The truth is, who is letting a random machine into their home to find the coffee? Despite the test being a Wozniak idea, it’s still pretty quaint.

While it’s difficult to truly define intelligence, the above tests do provide some metrics in order to start doing so. One thing is for certain especially keeping the above tests in mind – we are a far cry from actual artificial intelligence.

How does AI help us today?

Perhaps we shouldn’t be spending all this time on trying to define artificial intelligence. Perhaps splitting hairs over what intelligence means is pointless.

Truthfully, all you need to know is how AI is already being used today –


One of the most important uses of AI in the legal tech market today – automating repetitive and labour-intensive tasks. Something AJS offers in its product suites (compare them here).

Automation isn’t something new, we have already been using machines to automate dull, dirty, and dangerous tasks. Take automated bomb detection devices as one example.

Whether automation will eliminate jobs or create even more high-value jobs remains unseen. But just like the advent of ATMs didn’t see the end of bank tellers, we believe AI will simply support roles as opposed to replace them. Allowing lawyers to focus their attention on the more complex matters, we believe is the aim of the automation game.

Augmented creativity

While creativity remains a firmly human characteristic, artists are already using AI to create new works.

Early prototypes highlight the important role humans can, and should, play in making sense of the suggestions proposed by the AI. But the truth is, being able to create something new sometimes does necessitate different thinking. Sometimes it does involve the use of data. Sometimes it needs the interference of AI – with caution mind you.

OpenAI attempted to release a music-making tool called Jukebox. Here a machine learning framework generates music — including rudimentary songs — as raw audio in a range of genres and musical styles. Provided with a genre, artist, and lyrics as input, Jukebox outputs a new music sample produced from scratch. Jukebox might not be the most practical application of AI and machine learning, but as OpenAI notes, music generation pushes the boundaries of generative models (Game Changers).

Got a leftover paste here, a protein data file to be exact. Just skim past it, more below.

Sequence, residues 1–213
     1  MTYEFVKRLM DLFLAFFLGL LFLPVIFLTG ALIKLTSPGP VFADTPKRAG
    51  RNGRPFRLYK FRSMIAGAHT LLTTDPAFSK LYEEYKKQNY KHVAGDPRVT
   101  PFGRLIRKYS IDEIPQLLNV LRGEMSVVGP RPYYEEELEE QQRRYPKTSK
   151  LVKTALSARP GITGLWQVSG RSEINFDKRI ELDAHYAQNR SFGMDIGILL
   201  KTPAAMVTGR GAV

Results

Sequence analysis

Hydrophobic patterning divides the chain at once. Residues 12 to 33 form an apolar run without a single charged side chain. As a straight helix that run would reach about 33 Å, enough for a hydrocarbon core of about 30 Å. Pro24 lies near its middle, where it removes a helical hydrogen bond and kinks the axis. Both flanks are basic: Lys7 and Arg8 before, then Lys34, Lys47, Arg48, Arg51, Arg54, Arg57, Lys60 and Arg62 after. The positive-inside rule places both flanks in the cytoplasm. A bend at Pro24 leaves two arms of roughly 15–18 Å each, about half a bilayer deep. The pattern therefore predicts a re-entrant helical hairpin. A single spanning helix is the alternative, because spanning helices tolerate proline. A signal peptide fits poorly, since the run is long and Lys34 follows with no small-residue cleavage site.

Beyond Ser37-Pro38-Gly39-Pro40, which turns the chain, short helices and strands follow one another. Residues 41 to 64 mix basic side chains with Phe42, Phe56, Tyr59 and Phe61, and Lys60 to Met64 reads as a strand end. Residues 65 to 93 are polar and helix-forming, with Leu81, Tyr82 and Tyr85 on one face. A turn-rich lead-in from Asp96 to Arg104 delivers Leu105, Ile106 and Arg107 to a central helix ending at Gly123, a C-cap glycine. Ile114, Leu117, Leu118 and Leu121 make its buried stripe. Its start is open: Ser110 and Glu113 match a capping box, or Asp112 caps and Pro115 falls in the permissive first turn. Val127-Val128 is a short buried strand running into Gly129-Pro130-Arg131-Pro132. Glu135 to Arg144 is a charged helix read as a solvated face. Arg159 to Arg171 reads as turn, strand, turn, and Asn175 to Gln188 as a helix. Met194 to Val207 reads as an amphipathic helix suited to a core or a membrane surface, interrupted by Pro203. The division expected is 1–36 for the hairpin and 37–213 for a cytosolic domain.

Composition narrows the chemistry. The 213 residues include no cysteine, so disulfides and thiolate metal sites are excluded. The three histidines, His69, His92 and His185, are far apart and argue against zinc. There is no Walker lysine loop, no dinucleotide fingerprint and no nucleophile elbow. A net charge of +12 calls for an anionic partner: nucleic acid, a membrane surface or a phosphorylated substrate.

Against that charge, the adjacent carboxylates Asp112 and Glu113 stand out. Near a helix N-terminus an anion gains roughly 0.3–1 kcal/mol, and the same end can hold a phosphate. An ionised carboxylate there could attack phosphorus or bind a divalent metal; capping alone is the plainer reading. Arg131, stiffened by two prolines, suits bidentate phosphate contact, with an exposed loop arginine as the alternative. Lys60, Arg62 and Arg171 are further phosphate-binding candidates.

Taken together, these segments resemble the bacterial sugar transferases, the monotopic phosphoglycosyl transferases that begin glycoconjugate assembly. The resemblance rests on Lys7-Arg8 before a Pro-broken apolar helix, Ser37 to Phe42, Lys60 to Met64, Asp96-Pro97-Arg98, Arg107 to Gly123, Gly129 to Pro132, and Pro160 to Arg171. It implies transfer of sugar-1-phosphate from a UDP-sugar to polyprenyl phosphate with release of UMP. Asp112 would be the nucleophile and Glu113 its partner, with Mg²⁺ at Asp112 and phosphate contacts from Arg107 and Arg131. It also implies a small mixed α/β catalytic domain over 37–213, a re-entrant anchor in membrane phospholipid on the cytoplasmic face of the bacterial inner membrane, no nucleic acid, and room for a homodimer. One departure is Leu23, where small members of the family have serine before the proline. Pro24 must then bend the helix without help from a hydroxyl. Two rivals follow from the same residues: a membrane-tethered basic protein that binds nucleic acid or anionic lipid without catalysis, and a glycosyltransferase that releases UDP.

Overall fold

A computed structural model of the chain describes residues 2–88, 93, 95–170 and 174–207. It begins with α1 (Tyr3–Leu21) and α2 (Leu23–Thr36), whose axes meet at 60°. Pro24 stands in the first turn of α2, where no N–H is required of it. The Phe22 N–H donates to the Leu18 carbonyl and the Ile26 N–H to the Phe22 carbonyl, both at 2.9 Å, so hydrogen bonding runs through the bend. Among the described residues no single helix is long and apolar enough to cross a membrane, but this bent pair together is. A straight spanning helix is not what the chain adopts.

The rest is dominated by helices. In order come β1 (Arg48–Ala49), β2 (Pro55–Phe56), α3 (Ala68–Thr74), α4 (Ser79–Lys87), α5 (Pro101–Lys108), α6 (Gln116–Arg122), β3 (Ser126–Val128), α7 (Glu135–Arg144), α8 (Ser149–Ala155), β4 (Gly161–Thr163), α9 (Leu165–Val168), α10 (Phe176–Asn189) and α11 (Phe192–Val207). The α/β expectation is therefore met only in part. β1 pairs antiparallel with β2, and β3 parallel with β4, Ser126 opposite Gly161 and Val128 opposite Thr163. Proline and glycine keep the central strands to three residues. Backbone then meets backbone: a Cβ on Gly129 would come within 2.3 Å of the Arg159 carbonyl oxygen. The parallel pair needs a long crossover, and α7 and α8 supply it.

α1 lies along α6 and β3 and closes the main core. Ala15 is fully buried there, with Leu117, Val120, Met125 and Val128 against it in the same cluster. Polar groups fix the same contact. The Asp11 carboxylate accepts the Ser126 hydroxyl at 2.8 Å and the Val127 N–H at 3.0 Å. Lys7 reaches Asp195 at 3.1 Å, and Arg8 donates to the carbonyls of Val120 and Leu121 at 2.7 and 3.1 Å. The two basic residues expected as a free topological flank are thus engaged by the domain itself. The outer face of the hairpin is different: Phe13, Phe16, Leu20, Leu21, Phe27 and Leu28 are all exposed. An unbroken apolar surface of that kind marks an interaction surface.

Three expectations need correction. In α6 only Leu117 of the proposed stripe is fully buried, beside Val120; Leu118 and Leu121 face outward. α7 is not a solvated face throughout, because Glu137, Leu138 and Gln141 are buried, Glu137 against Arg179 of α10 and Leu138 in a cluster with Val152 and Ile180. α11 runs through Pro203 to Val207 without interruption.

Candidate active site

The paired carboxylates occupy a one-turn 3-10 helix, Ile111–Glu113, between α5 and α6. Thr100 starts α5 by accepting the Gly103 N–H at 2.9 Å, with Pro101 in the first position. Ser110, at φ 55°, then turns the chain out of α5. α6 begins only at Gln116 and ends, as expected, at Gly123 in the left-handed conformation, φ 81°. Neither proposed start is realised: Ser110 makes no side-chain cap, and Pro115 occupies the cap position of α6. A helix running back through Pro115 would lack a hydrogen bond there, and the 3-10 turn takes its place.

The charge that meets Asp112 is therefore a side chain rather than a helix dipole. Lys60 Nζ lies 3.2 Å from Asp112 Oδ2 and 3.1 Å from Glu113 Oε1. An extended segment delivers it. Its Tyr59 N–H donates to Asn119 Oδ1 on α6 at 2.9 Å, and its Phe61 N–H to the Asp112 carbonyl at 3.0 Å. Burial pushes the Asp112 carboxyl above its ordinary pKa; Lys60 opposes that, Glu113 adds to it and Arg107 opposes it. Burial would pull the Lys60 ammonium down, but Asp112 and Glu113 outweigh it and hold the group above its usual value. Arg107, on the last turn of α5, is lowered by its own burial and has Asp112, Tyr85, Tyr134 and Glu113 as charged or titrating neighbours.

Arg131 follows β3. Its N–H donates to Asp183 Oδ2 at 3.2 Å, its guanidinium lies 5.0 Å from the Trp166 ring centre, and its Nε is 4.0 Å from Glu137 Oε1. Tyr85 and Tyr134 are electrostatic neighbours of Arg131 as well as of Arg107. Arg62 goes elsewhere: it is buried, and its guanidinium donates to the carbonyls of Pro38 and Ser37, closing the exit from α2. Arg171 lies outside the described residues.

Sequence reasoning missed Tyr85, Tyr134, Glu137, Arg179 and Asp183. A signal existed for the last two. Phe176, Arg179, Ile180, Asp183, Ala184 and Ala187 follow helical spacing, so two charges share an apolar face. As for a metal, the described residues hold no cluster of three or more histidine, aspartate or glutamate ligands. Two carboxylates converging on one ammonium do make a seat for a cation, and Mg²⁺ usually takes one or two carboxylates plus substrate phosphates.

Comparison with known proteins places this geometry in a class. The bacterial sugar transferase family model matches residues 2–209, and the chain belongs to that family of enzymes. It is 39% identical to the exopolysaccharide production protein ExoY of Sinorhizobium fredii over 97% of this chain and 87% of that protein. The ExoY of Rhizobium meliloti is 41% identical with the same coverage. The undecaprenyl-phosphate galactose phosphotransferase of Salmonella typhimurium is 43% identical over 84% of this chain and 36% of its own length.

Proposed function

Various projects have also attempted to produce new and enticing food recipes by using AI to mine food composition databases and concoct interesting combinations. For instance, Google researcher Sara Robinson recently showcased her system that produced a cake-cookie hybrid. Accenture researchers prototyped a similar recipe creation tool at their Dock facility in Dublin, but with stomach-churning results (Venture Beat).

Whether ultimately successful or not, using AI as inspiration for art remains the most prevalent artistic use case. Essentially, smart machines can accelerate creativity by serving as a kind of ‘creative arm’ that feeds and inspires creation.

Where is AI being used today?

AI in today’s world takes many forms, from chatbots to navigation apps and wearable fitness trackers. Some examples include –

  1. ChatGPT – a chatbot capable of producing written content in a range of formats, from essays to code and answers to simple questions.
  2. Google Maps – uses location data from smartphones, as well as user-reported data on things like construction and car accidents, to monitor the ebb and flow of traffic.
  3. Snapchat Filters – use ML algorithms to distinguish between an image’s subject and the background, track facial movements and adjust the image on the screen based on what the user is doing.
  4. Smart Assistants – like Siri and Alexa, this AI uses NLP to receive instructions from users to set reminders, search for online information and control the lights in people’s homes (Built in).

From the above, it’s clear that we have all used AI at some point in our everyday activities.

But the main takeaway from this article is this – when shopping around for your latest legal tech investment, don’t get hoodwinked by the overuse of technical buzzwords or empty promises of providing you the world – “Sure, we have AI” – because once you understand what the word means, you will know whether they are a smart investment or not.

(Sources used and to whom we owe thanks: Tech TargetRelativity BlogBuilt inMediumUniversity World NewsVenture Beat and Game Changers).

If you have any questions regarding the information we have set out above or if you have any queries relating to legal tech and how you can incorporate it into your practice, get-in-touch and let’s see how we can take your software solution from good to phenomenal.

If you don’t have any software supporting your legal practice yet, it’s not a problem. We are here to help you from scratch too.

AJS – as always – has your back!

– Written by Alicia Koch on behalf of AJS